Touching the Tigers

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The most extraordinary heroes generally prove to be average and ordinary folk. Glen Beneda was one case in point. A fighter pilot in World War II, it was his actions after the war that defined the true measure of his heroism. 

Beneda fought the Japanese in the air over China as a member of the famous Flying Tigers. This unit was General Claire Chennault’s vanguard of tough and skilled pilots that harassed the Japanese occupation force in China while Douglas MacArthur and his troops were island-hopping their way across the Pacific to Tokyo. 

The story is simple but the lessons drawn from Beneda’s life are powerful enough to be passed along across generations. In 1943, Beneda was flying his 81st mission when his plane was shot down over Jianli in Hubei province. Weak and injured Beneda was cared for by local farmers, then by guerrilla fighters and finally by the Chinese Army in that region under the command of General Li Xiannian. 

For 60 days the Chinese hid Beneda from capture, tended his wounds and fed him from their meager provisions. Scores of men literally carried him on a stretcher through occupied territory to the safety of the interior. Playing ping pong with his Chinese hosts while recovering from his injuries, Beneda began a life-long process of thanking the Chinese for saving his life.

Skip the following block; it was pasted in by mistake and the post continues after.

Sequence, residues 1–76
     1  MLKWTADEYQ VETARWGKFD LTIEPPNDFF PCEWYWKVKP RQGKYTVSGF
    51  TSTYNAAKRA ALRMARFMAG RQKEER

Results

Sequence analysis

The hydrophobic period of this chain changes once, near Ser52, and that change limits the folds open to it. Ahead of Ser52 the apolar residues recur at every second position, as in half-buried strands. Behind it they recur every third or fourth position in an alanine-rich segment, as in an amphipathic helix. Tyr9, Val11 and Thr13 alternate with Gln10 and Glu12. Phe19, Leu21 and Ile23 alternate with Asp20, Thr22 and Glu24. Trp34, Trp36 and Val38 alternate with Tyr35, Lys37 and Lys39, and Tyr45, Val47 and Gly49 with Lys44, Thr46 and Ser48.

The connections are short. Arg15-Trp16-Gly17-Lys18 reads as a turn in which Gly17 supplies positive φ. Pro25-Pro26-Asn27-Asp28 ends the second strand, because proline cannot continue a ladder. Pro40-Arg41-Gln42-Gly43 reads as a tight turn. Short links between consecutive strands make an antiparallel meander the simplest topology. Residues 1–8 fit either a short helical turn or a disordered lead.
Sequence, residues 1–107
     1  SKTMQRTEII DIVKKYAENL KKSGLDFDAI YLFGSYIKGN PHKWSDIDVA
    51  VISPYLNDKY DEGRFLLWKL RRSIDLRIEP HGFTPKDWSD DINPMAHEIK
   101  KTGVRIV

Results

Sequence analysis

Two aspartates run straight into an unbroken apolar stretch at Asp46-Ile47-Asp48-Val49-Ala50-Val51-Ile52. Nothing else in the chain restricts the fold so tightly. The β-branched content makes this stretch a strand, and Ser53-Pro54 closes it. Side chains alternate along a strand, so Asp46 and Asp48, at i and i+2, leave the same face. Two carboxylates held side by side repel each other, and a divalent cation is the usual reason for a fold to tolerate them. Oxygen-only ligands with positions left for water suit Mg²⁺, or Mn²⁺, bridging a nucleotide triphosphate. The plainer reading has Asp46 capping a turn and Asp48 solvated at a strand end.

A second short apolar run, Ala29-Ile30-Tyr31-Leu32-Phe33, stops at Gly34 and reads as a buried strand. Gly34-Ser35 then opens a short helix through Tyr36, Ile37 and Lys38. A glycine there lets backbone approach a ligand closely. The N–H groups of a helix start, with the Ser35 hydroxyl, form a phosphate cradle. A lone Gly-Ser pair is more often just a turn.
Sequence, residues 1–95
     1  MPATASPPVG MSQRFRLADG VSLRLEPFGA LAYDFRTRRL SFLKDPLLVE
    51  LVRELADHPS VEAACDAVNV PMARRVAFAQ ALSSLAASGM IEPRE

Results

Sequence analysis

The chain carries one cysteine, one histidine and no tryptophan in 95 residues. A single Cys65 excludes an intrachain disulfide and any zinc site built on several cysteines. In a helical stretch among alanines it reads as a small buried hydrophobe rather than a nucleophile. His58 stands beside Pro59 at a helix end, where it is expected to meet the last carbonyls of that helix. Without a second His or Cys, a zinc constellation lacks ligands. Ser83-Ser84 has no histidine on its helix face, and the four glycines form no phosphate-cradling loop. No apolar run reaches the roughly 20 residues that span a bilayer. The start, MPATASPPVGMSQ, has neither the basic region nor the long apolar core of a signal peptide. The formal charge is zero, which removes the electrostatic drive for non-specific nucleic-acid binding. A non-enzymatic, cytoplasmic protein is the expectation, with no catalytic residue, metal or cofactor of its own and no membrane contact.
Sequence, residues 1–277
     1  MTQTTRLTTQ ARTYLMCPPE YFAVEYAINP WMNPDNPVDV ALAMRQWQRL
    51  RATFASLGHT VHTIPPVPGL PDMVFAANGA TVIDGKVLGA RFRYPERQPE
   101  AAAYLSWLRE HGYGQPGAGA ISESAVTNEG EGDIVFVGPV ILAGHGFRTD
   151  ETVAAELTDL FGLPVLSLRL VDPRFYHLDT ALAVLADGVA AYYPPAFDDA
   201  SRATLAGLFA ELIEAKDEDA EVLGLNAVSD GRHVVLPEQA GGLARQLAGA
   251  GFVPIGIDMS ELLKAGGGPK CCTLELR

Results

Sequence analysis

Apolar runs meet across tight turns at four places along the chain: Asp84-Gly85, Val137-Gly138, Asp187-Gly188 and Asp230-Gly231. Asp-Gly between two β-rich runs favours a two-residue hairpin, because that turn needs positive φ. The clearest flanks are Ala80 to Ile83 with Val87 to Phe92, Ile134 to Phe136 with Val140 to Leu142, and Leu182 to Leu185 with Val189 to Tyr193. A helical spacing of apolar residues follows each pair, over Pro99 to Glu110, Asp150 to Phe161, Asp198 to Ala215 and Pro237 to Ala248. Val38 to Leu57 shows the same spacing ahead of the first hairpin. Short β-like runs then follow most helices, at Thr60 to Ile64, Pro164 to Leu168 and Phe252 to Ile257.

In the years following the war, Beneda visited China three times. He went back to the village where he crash-landed and spent time with the people there. He met the daughter of the general whose troops had given him aid. Today that woman is Mme. Li Xiaolin; Vice President of the Chinese People’s Association for Friendship with Foreign Countries, the leading people-to-people diplomacy organization in China. 

In March 2010, at the age of 86, Glen Beneda made his last pilgrimage to China.  Accompanied by his wife, children and grandchildren, he sought to inspire a younger generation of Americans and Chinese to take up the torch that was light within him by the fires of friendship and sacrifice during a time of war. 

In a moving memorial to Glen Beneda, Mme. Li has produced a documentary, Touching the Tigers, which premiered at the Chinese Embassy in Washington on April 12, 2011. This homage to Beneda, and to all the Americans who fought in China from Stilwell on down, still resonates so many years after the war’s end. The story transcends the issues of trade, commerce or Asian security policy. Further, it demonstrates that singular acts of courage and kindness by ordinary people have profound, transformative and lasting effects far beyond those ever expected by the people involved. 

In a final gesture of enduring friendship and affection, a portion of Glen Beneda’s ashes rest in Chinese soil.